When people refer to a Rolex with a Serti dial, most often they are referring to a Submariner 16613 with a champagne or slate dial set with 8 round diamonds and 3 sapphire markers.
Serti is French for “setting”. If you visit rolex.com and do a search for serti you will be presented with a nearly endless listing of diamond set watches, so the term is not ultimately reserved for the 8 diamond & 3 sapphire setting.
The earliest “Serti” dial (with 8/3 combo) that has come through our office was an 18k gold Submariner from 1981. Rolex often introduces new features on solid 18k pieces (or more recently, in Platinum).
Speaking of doing things first on their precious metal watches, take a look at the end pieces on this 1981 Submariner.. They appear to be Solid End Links (aka SEL). The steel 16610 Submariner didn’t get this look until 1999! Granted, the perceived SEL end pieces on this 1981 Sub are not actually solid as today’s are, but the plated metal is considerably thicker than you would find on the steel or two-tone models, and it had the look you see on all Oyster bands today.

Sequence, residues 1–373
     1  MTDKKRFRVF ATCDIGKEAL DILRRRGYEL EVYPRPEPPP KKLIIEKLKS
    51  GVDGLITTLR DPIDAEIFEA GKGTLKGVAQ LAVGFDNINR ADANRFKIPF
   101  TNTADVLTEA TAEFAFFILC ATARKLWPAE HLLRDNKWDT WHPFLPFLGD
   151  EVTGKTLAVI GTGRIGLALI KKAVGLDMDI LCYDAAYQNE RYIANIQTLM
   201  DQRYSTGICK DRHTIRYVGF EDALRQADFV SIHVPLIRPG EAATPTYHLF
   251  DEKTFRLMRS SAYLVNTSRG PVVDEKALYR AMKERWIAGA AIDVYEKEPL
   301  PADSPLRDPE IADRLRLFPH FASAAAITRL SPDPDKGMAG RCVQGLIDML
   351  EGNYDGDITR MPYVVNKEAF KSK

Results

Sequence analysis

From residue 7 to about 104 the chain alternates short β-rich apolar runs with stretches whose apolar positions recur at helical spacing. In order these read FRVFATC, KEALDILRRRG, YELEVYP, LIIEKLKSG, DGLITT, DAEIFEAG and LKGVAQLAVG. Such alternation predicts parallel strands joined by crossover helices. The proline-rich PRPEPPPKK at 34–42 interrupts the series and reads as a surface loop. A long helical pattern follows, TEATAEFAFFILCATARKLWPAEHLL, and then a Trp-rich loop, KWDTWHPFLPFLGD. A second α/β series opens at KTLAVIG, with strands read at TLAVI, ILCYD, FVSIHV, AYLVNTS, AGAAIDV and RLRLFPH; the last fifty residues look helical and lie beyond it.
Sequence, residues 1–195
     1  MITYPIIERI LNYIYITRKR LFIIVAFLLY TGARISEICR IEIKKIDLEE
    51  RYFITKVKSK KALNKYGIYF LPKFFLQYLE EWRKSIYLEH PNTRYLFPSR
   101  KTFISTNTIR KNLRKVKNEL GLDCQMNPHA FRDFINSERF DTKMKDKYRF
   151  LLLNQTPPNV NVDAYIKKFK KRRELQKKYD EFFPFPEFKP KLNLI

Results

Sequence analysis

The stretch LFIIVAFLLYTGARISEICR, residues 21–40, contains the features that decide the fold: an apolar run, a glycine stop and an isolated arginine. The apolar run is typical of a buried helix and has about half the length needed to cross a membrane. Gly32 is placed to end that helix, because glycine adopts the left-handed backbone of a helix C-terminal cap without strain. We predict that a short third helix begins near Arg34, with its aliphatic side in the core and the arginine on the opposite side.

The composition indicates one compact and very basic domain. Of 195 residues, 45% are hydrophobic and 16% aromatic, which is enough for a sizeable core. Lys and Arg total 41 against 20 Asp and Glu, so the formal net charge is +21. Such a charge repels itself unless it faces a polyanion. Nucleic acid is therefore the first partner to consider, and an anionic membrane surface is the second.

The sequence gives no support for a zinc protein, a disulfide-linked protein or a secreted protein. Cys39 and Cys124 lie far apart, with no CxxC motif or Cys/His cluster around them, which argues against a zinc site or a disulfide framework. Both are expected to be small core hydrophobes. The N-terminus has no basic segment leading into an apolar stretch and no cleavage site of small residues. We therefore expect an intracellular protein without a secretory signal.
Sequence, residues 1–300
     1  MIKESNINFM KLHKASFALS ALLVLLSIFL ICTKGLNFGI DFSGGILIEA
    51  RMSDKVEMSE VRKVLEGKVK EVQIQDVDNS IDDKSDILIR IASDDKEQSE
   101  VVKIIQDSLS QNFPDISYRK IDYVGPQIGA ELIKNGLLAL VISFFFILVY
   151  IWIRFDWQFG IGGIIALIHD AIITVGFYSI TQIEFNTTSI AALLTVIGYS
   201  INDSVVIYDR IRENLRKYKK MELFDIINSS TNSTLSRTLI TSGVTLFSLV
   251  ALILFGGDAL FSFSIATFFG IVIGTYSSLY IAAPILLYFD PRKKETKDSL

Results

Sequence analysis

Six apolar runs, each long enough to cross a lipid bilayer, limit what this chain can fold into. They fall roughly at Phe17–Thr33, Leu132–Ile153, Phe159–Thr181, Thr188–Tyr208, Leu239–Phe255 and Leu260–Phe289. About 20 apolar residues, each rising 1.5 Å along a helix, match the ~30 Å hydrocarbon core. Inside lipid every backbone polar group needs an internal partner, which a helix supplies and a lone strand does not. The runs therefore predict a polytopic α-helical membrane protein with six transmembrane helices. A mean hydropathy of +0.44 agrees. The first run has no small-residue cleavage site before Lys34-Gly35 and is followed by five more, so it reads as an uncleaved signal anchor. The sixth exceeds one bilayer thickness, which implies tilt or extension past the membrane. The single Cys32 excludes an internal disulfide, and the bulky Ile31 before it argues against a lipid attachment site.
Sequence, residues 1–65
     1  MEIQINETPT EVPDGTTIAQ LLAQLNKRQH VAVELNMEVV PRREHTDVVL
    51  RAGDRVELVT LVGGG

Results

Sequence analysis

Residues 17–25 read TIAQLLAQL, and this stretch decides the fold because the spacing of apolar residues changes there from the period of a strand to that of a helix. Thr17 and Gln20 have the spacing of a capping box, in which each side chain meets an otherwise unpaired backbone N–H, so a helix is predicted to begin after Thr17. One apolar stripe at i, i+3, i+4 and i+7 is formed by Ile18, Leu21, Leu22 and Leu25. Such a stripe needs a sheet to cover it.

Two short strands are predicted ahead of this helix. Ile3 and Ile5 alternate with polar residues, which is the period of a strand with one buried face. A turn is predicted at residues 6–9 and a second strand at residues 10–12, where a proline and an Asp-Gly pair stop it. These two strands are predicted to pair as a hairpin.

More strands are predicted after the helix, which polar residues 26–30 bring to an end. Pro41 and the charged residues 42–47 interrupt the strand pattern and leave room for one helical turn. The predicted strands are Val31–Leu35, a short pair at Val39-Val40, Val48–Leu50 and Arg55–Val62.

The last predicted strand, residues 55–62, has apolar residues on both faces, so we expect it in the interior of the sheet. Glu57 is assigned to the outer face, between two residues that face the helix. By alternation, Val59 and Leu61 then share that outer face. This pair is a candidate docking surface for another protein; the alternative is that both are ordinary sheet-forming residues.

If you browse through the Rolex catalog today, you will find the 8 diamond / 3 sapphire combo absent. Instead you will see them with 8 diamonds, but 3 Luminova markers instead. Below is a V serial from about 2008, the most recent Serti dial we’ve seen, which makes sense because that was the same year the ceramic bezeled 116613 was introduced.
We recently received a rare GMT-Master II 16718 in 18k from 1991 with a ruby Serti dial.
This particular watch with a Serti dial came in without papers, which is not uncommon for a watch over 15 years old. When someone offers us a watch to sell and we don’t receive papers, we are extra vigilant in checking its authenticity. Below are some photographs of genuine Serti dials made in different periods.
And to finish off this little photo essay: